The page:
SERGEI BYSTROV pulls a black-and-white poster from his briefcase with the campaign slogan ``Land, Bread, Russia'' emblazoned on the top. Underneath the words, a hand is drawn clutching a sheaf of wheat. Grain silos perched on an immaculately plowed field are visible on the horizon.
``These are fresh off the press. I made 10,000 copies,'' says Mr. Bystrov, an agronomist who heads the Agrarian Party in this southern city and is a local candidate to Russia's new parliament. He spreads open the poster and smiles. ``There are seven candidates in the region, but I'm the only agricultural worker,'' he says. ``So I'm counting on success.''
If preliminary indicators are to be believed, success could come easily to the antireform Agrarian Party, which gained 500,000 signatures to field candidates for the Dec. 12 elections to the State Duma, or parliament's lower house - twice as many as any of the other 12 registered election blocs.
The new party, consisting mainly of collective farm directors and other agricultural functionaries, condemns private land ownership and advocates collective farming along with strict government control over agriculture. It has rapidly gained popularity in Russia, where an estimated 34 million people work in the agricultural sector.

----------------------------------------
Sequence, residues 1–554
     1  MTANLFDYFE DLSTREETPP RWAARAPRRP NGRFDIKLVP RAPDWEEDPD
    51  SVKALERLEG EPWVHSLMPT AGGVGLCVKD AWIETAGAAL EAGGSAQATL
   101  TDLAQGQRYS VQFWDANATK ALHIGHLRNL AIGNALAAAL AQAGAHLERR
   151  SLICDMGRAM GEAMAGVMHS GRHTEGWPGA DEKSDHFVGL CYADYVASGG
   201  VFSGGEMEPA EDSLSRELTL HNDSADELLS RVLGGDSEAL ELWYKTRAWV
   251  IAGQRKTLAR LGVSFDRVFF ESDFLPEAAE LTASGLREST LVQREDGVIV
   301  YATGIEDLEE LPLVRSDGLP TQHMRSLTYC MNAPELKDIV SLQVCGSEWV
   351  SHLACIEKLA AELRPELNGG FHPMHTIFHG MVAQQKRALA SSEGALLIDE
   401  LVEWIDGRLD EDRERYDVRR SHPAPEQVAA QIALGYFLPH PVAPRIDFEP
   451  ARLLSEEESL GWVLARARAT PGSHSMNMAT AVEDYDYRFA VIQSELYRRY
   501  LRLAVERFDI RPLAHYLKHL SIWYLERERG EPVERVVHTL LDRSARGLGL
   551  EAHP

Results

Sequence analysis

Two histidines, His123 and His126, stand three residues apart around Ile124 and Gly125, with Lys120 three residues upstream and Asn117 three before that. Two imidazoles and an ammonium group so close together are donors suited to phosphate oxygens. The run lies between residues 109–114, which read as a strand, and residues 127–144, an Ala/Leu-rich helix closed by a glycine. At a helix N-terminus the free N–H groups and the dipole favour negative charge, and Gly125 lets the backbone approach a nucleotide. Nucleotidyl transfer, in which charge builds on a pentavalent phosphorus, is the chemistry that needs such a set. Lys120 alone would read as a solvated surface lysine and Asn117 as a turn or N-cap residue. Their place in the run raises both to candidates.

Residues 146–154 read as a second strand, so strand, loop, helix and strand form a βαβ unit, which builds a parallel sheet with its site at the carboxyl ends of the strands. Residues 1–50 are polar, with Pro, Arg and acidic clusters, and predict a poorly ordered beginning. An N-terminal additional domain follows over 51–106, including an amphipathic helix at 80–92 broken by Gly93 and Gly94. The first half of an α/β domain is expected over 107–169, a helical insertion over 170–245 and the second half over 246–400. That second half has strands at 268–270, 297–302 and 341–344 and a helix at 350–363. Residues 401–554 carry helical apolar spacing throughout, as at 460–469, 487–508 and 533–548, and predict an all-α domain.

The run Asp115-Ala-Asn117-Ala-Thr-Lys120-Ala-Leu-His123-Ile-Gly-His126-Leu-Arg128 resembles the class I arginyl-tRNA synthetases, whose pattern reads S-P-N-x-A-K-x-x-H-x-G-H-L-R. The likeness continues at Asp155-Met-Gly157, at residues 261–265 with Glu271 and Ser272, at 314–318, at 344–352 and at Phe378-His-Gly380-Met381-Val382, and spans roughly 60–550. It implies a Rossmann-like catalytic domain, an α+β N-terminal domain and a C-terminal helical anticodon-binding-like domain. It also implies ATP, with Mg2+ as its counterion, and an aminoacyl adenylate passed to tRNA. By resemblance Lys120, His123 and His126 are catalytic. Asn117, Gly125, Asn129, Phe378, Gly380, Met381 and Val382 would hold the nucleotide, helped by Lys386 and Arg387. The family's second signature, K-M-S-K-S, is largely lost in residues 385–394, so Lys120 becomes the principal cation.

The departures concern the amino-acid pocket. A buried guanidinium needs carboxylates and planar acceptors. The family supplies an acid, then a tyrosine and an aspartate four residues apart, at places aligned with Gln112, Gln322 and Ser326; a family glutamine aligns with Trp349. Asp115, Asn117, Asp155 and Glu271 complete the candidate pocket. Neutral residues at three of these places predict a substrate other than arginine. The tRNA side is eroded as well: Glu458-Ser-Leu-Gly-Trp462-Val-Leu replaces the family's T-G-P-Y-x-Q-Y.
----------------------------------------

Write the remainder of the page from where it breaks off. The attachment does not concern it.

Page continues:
In a poll conducted in urban and rural areas earlier this month by the Moscow-based International Center of Sociological Studies, the Agrarians came in second with 20 percent of the vote, ahead of the popular pro-reform Russia's Choice and second to the conservative Democratic Party of Russia. Other polls conducted mainly in cities put the Agrarians further behind.
In any case, the Agrarian Party, whose manifesto states that it opposes ``the mechanical, mindless application of market doctrines'' and that the free sale of land ``will bring tragedy for the majority of the peasantry, who do not have the means to acquire it,'' could become an influential presence in Russia's first noncommunist parliament since Czarist times.
``After 70-odd years, the Russian people have developed a collective psychology. If we had 1 million private farmers today, six months from now half would go bankrupt,'' says Bystrov, whose electoral district of Stavropol, 750 miles south of Moscow in the Northern Caucasus region, is roughly one-third rural.
One of the Agrarians' chief concerns is private land ownership, abolished in 1929 when Joseph Stalin collectivized the peasantry. The free sale of land was legalized last month in a decree issued by President Boris Yeltsin, and is included in his new draft constitution, which will be put to a nationwide referendum the same day as elections.
Private land could kill off the sovkhoz and kolkhoz, the Soviet-era state and collective farms still predominant throughout Russia. In theory the Soviet system gave workers collective ownership, but in practice they were unprofitable, existing on government subsidies. But to people like Bystrov, the new decree puts land into the hands of mafia-type land speculators.